Academic journal article The Romanic Review

Translation, Theft, and 'Li Jeus De Saint Nicolai.' (by Jehan Bodel)

Academic journal article The Romanic Review

Translation, Theft, and 'Li Jeus De Saint Nicolai.' (by Jehan Bodel)

Article excerpt

Jehan Bodel's radically secular play, Li Jeus de Saint Nicolai, opens with a 114-line prologue recited by a Preacher.(1) The predominantly spiritual ideology that informs this prologue is in no way remarkable: all but a handful of its lines narrate a saint's miraculous intervention as it might be found in a standard saint's life or vie.

A series of three framing passages suggests that Bodel's early thirteenth-century audience was meant to read the Preacher's account as traditional. In these passages, which stand apart from the prologue's narrative line, the Preacher asserts the validity of his source, which he calls a "vie," and his own fidelity to that source. In the first passage he introduces the narrative by advising an audience, whom he politely--and traditionally--addresses as "seigneur et dames" (1),(2) that they should be satisfied with the truth that can be found in the vie: Che nous content li voir disant Qu'en sa vie trouvons lisant....[7-8]

What the Preacher seems to advocate here is passive reading and quiet spirituality, that is, an unquestioning acceptance of a truth affirmed by the time-founded authority of religious and narrative tradition.

The attitude is reiterated midway through the prologue when the Preacher apologizes for his limited knowledge and justifies his refusal to amplify on that knowledge by again citing the authority of his written source. Three thieves have gone to sleep he knows not where, Ne sai out, en un abitacle. Mais pour abregier le miracle, M'en passe outre, selonc l'escrit. [59-61]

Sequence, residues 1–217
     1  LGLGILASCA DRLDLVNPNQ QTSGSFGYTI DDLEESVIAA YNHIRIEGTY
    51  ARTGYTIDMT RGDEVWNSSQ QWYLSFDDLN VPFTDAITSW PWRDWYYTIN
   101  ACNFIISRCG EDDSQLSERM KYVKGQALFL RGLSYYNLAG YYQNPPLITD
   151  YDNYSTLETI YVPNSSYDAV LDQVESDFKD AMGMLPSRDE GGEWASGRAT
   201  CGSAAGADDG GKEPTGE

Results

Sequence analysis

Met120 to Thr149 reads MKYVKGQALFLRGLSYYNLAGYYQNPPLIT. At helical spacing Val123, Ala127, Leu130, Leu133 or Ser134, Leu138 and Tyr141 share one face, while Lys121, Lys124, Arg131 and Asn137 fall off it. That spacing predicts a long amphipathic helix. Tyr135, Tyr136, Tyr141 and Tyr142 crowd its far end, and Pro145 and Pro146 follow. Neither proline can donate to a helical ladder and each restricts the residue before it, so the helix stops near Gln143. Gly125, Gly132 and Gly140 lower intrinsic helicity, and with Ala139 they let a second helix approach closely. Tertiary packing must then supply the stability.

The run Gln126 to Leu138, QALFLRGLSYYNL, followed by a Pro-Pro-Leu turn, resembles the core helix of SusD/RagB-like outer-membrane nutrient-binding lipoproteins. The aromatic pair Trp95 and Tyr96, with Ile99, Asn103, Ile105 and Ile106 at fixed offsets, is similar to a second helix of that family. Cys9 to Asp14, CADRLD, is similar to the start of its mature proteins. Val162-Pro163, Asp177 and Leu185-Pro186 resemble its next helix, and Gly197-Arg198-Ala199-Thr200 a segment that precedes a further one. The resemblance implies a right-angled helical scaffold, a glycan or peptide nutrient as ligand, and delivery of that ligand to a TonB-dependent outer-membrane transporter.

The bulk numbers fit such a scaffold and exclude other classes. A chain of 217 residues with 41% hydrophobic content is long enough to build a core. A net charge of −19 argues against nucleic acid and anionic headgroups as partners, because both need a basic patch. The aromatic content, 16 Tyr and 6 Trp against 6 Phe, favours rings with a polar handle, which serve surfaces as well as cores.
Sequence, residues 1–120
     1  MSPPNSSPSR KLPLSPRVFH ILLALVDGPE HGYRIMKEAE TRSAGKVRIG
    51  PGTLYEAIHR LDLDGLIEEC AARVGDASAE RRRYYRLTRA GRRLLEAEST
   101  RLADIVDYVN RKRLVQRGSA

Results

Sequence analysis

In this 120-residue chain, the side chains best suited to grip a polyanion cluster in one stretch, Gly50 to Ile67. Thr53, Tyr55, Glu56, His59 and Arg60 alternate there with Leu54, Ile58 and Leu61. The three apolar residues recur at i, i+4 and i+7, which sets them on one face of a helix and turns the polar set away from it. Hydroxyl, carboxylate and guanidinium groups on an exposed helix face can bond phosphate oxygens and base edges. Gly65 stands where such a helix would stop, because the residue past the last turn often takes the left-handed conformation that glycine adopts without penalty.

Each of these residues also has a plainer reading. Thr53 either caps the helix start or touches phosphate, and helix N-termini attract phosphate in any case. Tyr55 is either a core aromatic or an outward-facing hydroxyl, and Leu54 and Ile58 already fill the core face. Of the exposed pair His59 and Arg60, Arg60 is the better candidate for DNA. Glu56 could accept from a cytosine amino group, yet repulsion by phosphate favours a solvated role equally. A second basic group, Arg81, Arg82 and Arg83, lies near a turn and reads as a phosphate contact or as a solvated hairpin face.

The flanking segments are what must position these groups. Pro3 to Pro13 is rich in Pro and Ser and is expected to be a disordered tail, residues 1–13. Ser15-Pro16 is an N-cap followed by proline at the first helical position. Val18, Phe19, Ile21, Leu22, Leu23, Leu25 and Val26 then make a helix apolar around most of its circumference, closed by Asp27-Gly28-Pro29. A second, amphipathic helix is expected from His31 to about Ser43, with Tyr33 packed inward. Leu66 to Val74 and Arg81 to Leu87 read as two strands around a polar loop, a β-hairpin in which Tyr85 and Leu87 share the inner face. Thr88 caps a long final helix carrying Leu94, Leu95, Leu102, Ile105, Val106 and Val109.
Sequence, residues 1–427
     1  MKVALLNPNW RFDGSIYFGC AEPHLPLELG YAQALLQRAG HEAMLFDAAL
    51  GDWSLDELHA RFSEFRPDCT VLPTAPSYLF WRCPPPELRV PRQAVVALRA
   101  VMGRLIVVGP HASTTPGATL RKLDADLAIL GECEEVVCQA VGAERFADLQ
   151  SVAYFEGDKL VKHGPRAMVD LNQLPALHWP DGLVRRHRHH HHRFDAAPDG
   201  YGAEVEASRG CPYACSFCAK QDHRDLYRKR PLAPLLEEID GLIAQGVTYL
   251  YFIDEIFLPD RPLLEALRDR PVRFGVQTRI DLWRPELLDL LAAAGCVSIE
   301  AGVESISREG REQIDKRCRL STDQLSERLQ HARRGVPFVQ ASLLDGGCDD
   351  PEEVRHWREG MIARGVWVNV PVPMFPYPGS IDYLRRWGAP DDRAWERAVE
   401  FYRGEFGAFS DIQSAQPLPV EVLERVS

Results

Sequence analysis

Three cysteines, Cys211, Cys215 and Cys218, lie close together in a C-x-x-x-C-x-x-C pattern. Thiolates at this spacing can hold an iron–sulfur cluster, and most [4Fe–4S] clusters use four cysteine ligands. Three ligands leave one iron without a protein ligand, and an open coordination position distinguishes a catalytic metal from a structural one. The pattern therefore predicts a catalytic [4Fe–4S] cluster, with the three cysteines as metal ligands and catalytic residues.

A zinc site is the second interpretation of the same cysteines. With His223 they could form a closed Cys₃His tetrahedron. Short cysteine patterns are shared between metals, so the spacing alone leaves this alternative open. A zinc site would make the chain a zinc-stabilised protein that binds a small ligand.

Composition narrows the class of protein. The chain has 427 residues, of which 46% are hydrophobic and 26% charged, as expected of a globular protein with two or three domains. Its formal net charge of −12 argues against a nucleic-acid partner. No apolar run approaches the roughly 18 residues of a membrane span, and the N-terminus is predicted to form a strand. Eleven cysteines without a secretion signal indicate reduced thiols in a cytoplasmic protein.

What the source does not say, the Preacher will not speculate upon. Truth depends upon the written source. It lies in a preexistent text which an intelligent person would accept without question.

Finally, when the Preacher has ended his narration, he repeats that his story is faithful to the vie of the saint whose festival his distinguished audience celebrates that evening: Signeur, che trouvons en le vie Del saint dont anuit est la veille. [104-5] Again the emphasis is on rediscovery, on finding that which already exists. On this the evening before Saint Nicholas's Day, we are to reexperience the past that has been recorded in his vie.

While a vie that was Bodel's specific source for his story has not been found--assuming for the sake of argument the rather dubious possibility that such a source really existed--the general tenor of the Preacher's argument presents what was surely a widely accepted belief. Medieval saints' lives record significant historical events. They tend not to be concerned with the mundane aspects of worldly life except insofar as they illuminate the saint's concern for the poor or the unfortunate (as in many Nicholas stories), the saint's own predilection for a simple life (as in the eleventh-century Vie de Saint Alexis ), or the saint's ascent from sin (as in Augustine's Confessions). In sticking to the bare facts of hagiographic history, the narration that is the focus of the Preacher's prologue is the typical vie that it purports to be.

Immediately following this final assertion of the speaker's limited narrative responsibility, however, the prologue offers a set of transitional comments that seem markedly at odds with what has been the Preacher's stance of conservative, tradition-bound self-effacement: Pour che n'aies pas grant merveille Se vous vees aucun affaire; Car canques vous nous verres faire Sera essamples sans douter Del miracle representer Ensi con je devise l'ai. Del miracle saint Nicolai Est chis jeus fais et estores. Or nous faites pais, si l'orres. [106-14]

The voice the Preacher adopts here shows an awareness of not only the prescribed historical text but also the details of the imminent literary performance. This voice is strongly the playwright's. Bodel's Preacher warns his audience not to be greatly astonished if the play which they see does not fully correspond to the story he has just recounted. …

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